Knowledge, discovery and collaboration are key elements in finding solutions to the world’s most pressing issues and challenges. Vanderbilt fosters an atmosphere where faculty and students can freely examine and discuss complex topics.
The university is welcoming 80 new faculty to its 10 schools and colleges for the 2023–24 academic year, nearly 40 of whom are tenure-track. Meet some new faculty members who are exploring current and pressing societal issues.
Mona Ebrish, assistant professor of electrical and computer engineering
School of Engineering
Academic focus: Nanotechnology sensors and circuits for the Internet of Things
Ebrish’s research focuses on designing and fabricating ultra-compact biological and chemical sensors on chiplets, small integrated circuits with specialized functionality that make up larger integrated circuits. Chiplets are designed for devices with processing ability, software and other technologies that connect and exchange data with other devices and systems over the internet or other communications networks, also known as the Internet of Things.
“Armed with this knowledge, my future research group will design and fabricate an ultra-compact system on a chip for IoT applications utilizing these different technologies. My research group will innovate and develop new building blocks for standalone IoT technology from different types of emerging materials and capitalize on their unique and overlooked properties,” Ebrish said.
Ebrish’s work has resulted in more than a dozen patents so far. Her research also complements projects that are underway at the Vanderbilt Institute of Nanoscale Science and Engineering and the Institute for Space and Defense Electronics.
Farhang Heydari, assistant professor of law
Vanderbilt Law School
Academic focus: Criminal law and policing; impact of artificial intelligence in the criminal system
Heydari examines society’s reliance on police departments and policing in general and the impact of that reliance on criminal law. His research aims to reveal new perspectives on policy in an effort to make the system more just, effective and equitable.
Heydari also studies policing technologies and the impact of artificial intelligence on the criminal justice system. He is an appointed member of the federal government’s National Artificial Intelligence Advisory Committee.
“My research interests arise directly from my work experience,” he said. “After clerking, I spent years conducting complex civil rights litigation representing victims of police, prosecutor and other official misconduct.” Earlier in his career, he spent time studying policing issues in Nashville.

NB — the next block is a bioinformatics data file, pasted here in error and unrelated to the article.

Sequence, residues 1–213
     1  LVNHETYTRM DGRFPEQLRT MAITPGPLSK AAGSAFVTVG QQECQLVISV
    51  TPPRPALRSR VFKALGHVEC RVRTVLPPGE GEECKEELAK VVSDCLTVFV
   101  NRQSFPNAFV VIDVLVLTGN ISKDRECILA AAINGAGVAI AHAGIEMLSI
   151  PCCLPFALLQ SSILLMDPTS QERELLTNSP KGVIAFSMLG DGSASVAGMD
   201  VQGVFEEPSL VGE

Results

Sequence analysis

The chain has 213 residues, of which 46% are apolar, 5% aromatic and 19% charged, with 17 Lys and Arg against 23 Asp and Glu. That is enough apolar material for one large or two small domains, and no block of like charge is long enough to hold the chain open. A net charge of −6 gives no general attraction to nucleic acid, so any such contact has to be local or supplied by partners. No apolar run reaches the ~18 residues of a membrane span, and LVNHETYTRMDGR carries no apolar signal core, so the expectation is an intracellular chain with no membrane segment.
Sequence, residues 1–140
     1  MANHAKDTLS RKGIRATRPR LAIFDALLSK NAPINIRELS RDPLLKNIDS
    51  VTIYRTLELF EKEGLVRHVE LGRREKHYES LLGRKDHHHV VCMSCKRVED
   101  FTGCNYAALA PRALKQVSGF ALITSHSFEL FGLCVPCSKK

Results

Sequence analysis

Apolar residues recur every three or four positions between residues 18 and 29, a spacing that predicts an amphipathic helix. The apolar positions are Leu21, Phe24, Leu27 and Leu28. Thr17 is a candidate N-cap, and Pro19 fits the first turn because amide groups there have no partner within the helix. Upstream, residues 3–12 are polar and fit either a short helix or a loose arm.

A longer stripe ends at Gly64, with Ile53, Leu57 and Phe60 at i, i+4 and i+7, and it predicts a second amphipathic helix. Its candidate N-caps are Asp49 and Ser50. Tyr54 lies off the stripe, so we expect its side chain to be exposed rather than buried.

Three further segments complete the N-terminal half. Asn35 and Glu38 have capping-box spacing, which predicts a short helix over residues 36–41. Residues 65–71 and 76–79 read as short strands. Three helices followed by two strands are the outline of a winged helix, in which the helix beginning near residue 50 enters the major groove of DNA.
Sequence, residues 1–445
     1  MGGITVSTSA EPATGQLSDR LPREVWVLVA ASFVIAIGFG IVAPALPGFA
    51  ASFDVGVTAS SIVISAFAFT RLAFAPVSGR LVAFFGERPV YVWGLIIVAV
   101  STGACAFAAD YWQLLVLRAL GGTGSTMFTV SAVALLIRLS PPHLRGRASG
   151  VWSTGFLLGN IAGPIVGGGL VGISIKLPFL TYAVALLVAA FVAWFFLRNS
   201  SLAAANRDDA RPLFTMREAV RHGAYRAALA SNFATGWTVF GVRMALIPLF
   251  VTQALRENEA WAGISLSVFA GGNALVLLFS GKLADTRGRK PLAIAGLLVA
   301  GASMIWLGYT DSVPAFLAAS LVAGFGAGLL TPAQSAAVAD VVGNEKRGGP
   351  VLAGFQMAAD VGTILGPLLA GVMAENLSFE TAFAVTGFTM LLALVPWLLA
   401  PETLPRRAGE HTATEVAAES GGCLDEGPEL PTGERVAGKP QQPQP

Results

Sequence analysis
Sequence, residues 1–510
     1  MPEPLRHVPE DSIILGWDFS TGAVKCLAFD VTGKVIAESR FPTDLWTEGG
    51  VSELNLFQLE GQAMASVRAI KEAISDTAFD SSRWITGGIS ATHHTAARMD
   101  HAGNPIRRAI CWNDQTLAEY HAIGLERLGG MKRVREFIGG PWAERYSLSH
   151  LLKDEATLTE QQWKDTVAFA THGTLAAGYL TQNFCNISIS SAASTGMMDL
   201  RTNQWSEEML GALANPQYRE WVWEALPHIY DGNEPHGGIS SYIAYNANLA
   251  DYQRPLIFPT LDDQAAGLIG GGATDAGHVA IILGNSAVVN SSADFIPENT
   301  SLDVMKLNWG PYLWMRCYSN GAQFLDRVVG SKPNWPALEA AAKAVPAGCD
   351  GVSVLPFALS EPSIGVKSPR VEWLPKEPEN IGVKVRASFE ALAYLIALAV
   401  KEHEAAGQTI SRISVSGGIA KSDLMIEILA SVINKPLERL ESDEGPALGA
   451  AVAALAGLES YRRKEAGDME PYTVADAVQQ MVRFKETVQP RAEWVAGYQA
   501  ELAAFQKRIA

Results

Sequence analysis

Outside of work, Heydari admits that his young children have usurped his time, so he’s had to put aside his passion for ultimate frisbee. He hopes to find a pickup game here soon.
Brianna Castro, assistant professor of sociology
College of Arts and Science
Academic focus: Social consequences of climate change
Castro’s research specializes in climate change adaptation, conservation and migration. She takes a global approach to her research as she contributes to the subfields of environmental sociology, global and transnational sociology and migration studies.
“I am constantly inspired by how individuals understand and creatively respond to climate change in their everyday lives,” she said. “Vanderbilt’s robust environmental sociology program combined with the opportunity to collaborate with the Program in Climate and Environmental Studies make Vanderbilt the perfect fit for me.”
Castro has worked with The Roosevelt Project, the First Street Foundation Research Lab and the Harvard Mellon Urban Initiative.
Outside of work you can find her hiking, gardening, camping and traveling.
Eric VanEpps, associate professor of marketing
Owen Graduate School of Management
Academic focus: Consumer behavior and decision-making
VanEpps will teach consumer insights and health care marketing at the Vanderbilt Owen Graduate School of Management. His research focuses on understanding how and why consumers make decisions.
“I have studied how people make healthier eating decisions, how suggested donation amounts encourage people to make charitable contributions and how individuals might optimally discuss their own accomplishments to appear simultaneously friendly and competent,” he said.
VanEpps said working at Vanderbilt is his dream job, especially because of the welcome he received from fellow professors in the Owen marketing department. Outside of work, he loves spending time with his family and exploring new restaurants.
Lauren Sudeall, professor of law and director of the Vanderbilt Access to Justice Initiative
Vanderbilt Law School
Academic focus: Low-income individuals’ access to civil and criminal courts